I've been struggling with this for a long time now, and I can't find a plausible logic to solve it.

Lets say that you have the numbers $1, 2, 3, \ldots, n$. How many are the possible permutations of these numbers: $a_1, a_2, a_3, \ldots a_n$ - is a permutation, where $a_k - a_{k-1} \neq 1$, for $k$ going from $1$ to $n$?

In other words, when $n = 6$: $123456$ is not an acceptable permutation as $5 - 4 = 1$ or $6 - 5 = 1$, etc.

On the other hand: $654321$ is acceptable, as neither of the numbers is bigger with $1$ than the one on its left.

I've managed to, I think, find the number of acceptable permutations, where as we fill the next position, we never take the biggest number of the remaining, so the result is $(n-1)(n-2)(n-3) \cdots 1$. But this is obviously not the full amount of acceptable permutations.

What is the logic behind this task? I'm pretty sure that I'm going the wrong way with my logic.

  • 4
    $\begingroup$ This appears to be the answer. $\endgroup$ – David Dec 5 '17 at 2:20
  • $\begingroup$ Please read this tutorial on how to typeset mathematics on this site. $\endgroup$ – N. F. Taussig Dec 5 '17 at 11:32

Let $u_n$ be the number of permutations of $\{1,\ldots,n\}$ having this property. All such permutations can be obtained in a unique way by inserting $n$ into a permutation of $\{1,\ldots,n-1\}$. There are two cases.

  1. The shorter permutation never has $a_k-a_{k-1}=1$. There are $u_{n-1}$ such permutations and then $n-1$ spots to place $n$ (anywhere except the place after $n-1$).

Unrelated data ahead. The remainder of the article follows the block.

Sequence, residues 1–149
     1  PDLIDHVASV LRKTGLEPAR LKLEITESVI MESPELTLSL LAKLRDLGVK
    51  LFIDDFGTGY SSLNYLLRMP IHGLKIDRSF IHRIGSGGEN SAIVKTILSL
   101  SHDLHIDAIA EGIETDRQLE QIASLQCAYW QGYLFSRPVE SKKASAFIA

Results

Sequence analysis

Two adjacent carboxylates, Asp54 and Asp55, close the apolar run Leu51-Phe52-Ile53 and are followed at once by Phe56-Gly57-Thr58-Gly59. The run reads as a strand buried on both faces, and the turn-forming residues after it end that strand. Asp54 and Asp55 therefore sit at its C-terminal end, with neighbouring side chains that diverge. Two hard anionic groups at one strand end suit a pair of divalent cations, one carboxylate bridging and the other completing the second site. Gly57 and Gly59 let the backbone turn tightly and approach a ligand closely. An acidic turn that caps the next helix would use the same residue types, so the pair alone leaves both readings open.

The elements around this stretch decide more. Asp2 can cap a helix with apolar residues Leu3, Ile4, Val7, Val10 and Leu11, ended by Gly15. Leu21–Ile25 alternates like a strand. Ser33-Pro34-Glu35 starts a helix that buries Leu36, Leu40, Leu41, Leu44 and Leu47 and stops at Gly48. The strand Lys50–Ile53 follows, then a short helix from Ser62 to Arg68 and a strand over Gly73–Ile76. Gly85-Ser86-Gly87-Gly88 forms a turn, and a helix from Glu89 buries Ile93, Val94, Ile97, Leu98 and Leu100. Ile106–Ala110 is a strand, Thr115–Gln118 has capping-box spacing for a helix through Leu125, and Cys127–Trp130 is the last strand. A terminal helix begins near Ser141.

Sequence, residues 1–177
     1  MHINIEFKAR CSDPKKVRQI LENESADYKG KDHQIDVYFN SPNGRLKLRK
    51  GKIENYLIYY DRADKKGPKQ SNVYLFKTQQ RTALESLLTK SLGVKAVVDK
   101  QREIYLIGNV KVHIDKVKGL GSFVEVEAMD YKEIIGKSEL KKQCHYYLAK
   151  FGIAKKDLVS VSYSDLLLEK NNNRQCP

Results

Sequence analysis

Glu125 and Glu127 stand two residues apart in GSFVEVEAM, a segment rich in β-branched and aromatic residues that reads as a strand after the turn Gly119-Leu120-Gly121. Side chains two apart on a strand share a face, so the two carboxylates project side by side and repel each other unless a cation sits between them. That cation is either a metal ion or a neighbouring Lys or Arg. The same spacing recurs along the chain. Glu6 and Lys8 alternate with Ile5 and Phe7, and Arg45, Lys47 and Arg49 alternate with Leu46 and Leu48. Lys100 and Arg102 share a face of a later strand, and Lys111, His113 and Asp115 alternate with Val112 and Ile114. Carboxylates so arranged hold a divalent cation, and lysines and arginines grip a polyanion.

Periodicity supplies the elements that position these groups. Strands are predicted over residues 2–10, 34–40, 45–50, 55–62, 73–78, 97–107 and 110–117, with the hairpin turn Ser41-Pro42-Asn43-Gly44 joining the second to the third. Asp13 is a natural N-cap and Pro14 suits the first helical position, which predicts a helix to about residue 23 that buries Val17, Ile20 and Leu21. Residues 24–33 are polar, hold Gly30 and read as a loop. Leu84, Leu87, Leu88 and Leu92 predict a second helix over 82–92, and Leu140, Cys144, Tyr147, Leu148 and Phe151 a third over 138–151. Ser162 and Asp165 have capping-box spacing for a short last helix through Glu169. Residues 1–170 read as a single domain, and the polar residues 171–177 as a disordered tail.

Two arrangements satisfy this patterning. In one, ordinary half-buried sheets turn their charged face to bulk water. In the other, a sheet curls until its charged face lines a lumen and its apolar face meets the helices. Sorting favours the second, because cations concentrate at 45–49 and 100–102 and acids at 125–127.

2. The shorter permutation has $a_k-a_{k-1}=1$ for exactly one value of $k$. The number of choices for $k$ is $n-2$; the number of permutations is $u_{n-2}$, see below for proof; and there is only one placement for $n$, as it must go between $a_k$ and $a_{k-1}$ in order to split the pair.

Therefore the required number satisfies $$u_n=(n-1)u_{n-1}+(n-2)u_{n-2}\ .$$ You can use this, with initial conditions $u_1=u_2=1$, to find any value you wish of $u_n$; unfortunately there does not seem to be any particularly simple formula giving $u_n$ directly in terms of $n$.

Lemma. Suppose that $m$ is given, $1\le m\le n-2$. The number of permutations of $\{1,\ldots,n-1\}$ in which $l$ is followed by $l+1$ if and only if $l=m$ is $u_{n-2}$.

Proof. In such a permutation $m+1$ cannot be followed by $m+2$. So if we delete $m+1$ then $l$ is never followed by $l+1$ and $m$ is not followed by $m+2$. So we have a permutation of the list $$(1,\ldots,m,m+2,\ldots,n-1)$$ in which no element is followed by the next element from the original list. The number of such is $u_{n-2}$, and the construction is reversible, so the proof is complete.

  • $\begingroup$ Did you notice the relation between $u_{n}$ and the number of derangements $D_{n+1}$? It might have an interesting combinatorial interpretation, too. $\endgroup$ – Jack D'Aurizio Dec 5 '17 at 18:38
  • $\begingroup$ @JackD'Aurizio No I didn't, but I did notice that the OEIS entry gives connections with subfactorials, which are connected with derangements. (It gives a lot of other relations too.) $\endgroup$ – David Dec 5 '17 at 22:33

As an addendum to David's answer, given $$ u_n = (n-1)u_{n-1}+(n-2)u_{n-2},\qquad u_1=1,u_2=1 $$ we may set $u_n=(n-1)! a_n$ to get $$ a_{n+1} - a_{n} = \frac{a_{n-1}}{n},\qquad a_1=1,a_2=1 $$ and recognize that derangements are involved: $$\boxed{ u_n = \frac{D_{n+1}}{n} = \frac{(n+1)!}{n}\sum_{k=0}^{n+1}\frac{(-1)^k}{k!}.} $$


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